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MCDOWELL COUNTY, W.Va. — It was superheroes day at Welch Elementary School. Principal Kristy East was up at 4:15 a.m. as usual to hit the gym before donning her favorite red Wonder Woman T-shirt for work. Before she left home, she checked the district’s online system to see which teachers were absent and how many substitutes she’d need. There were only a couple, “but some days it’s as high as eight,” East said — roughly half the school’s teachers.
By 6:45 a.m., she was behind the wheel of her silver four-wheeler for the hour drive to school.
At 8:30, the 38-year-old principal pumped Kool and the Gang’s “Celebration” over the intercom and gathered staff for the daily, five-minute “hallway huddle.” The thought for the week was from educator and motivational speaker Larry Bell: “Even on your worst day on the job, you’re still some child’s best hope.”
At 8:40, East walked out to the curb to meet the arriving buses and greet each pint-sized Wonder Woman, Ninja Turtle and Spiderman.
After a day of meetings with parents, visiting classrooms, lunch duty and dealing with student behavioral issues, East left for home at 5 o’clock. Not bad, considering many nights she doesn’t arrive home until after 8 p.m.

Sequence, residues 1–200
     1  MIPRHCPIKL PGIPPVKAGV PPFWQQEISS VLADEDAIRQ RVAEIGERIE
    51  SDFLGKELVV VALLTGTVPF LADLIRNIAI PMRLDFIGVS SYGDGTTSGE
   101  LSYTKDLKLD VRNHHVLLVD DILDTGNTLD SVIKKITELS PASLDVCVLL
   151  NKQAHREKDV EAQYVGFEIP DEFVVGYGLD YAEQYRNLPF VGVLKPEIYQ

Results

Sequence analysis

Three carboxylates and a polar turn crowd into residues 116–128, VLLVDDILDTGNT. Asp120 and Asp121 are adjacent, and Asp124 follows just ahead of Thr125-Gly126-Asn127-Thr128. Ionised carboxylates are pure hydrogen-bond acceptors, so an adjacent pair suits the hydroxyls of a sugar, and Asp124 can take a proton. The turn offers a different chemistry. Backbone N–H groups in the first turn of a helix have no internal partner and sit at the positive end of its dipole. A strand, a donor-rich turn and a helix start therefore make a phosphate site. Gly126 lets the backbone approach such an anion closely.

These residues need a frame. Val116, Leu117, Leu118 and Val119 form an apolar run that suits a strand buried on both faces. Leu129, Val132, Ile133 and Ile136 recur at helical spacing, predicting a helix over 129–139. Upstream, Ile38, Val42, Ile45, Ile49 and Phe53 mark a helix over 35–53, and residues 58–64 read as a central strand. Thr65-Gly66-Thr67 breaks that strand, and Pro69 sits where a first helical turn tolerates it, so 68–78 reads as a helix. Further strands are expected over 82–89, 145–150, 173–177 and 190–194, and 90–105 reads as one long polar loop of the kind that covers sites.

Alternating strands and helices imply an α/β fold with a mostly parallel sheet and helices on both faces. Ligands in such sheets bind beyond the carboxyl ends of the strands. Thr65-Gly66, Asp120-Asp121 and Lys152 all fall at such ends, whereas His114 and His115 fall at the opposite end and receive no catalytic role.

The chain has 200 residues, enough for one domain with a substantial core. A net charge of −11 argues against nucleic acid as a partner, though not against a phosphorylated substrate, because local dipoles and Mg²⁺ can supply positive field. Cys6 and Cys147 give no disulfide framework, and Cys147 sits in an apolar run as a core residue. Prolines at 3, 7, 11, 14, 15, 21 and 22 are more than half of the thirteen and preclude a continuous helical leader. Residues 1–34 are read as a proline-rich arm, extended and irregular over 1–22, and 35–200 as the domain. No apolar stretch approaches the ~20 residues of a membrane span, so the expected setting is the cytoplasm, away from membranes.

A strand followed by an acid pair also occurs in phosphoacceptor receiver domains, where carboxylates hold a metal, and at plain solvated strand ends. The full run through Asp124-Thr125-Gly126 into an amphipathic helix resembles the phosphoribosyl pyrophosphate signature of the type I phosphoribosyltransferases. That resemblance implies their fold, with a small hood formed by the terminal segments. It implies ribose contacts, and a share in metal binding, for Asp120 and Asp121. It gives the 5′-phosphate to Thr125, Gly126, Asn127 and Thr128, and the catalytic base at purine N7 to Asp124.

East’s days are grueling, but they’re not an anomaly. To be an educator in McDowell County requires a level of dedication and selflessness that few people can muster, resulting in chronic teacher shortages and high turnover. The county has 254 teachers; according to district administrators, it needs about 25 more, to fill vacancies in special education, elementary education, math, science and the arts. Instead, McDowell averages losing about a dozen teachers a year — a number that can include up to nearly half its new teachers — perpetuating the gap. Another 25 teachers — 10 percent of its workforce — are eligible to retire and could leave at any time. McDowell superintendent Nelson Spencer says the constant churn of teachers is one reason the district remains in the basement, ranking last among the state’s 55 school districts.
That’s where Reconnecting McDowell, a public-private effort celebrating its sixth anniversary this year, was supposed to come in. More than a year ago, the initiative demolished buildings in downtown Welch, the county seat, to make way for Renaissance Village, a planned 30-plus-unit apartment complex that was supposed to be one of the key recruiting points to get young educators and professionals to come to and put down roots in McDowell: new, affordable housing, with a coffee shop on the premises, easy access to the county’s only movie theater and a public, outdoor pool a short walk away.
But work has stalled on the project, as Reconnecting McDowell’s organizers scramble to replace millions in funding that the Trump administration has put on hold.
The delay has some district leaders wondering how they’ll ever improve academic achievement and student test scores without a stable workforce. Voicing a common complaint by educators here, East said the annual teacher turnover means that “instead of moving forward, you have to back up and retrain the new people.”